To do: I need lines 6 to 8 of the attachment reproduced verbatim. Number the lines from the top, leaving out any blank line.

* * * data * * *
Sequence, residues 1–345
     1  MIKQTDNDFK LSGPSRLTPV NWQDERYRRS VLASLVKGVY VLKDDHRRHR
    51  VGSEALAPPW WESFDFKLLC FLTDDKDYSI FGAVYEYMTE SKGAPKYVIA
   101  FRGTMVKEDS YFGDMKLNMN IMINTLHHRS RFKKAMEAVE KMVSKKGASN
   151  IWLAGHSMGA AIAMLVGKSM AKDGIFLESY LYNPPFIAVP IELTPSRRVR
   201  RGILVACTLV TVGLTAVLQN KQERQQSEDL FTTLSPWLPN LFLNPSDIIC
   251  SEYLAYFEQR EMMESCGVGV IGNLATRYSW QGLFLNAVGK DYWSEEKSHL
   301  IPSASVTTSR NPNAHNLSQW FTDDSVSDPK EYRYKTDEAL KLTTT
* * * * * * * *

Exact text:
   201  RGILVACTLV TVGLTAVLQN KQERQQSEDL FTTLSPWLPN LFLNPSDIIC
   251  SEYLAYFEQR EMMESCGVGV IGNLATRYSW QGLFLNAVGK DYWSEEKSHL
   301  IPSASVTTSR NPNAHNLSQW FTDDSVSDPK EYRYKTDEAL KLTTT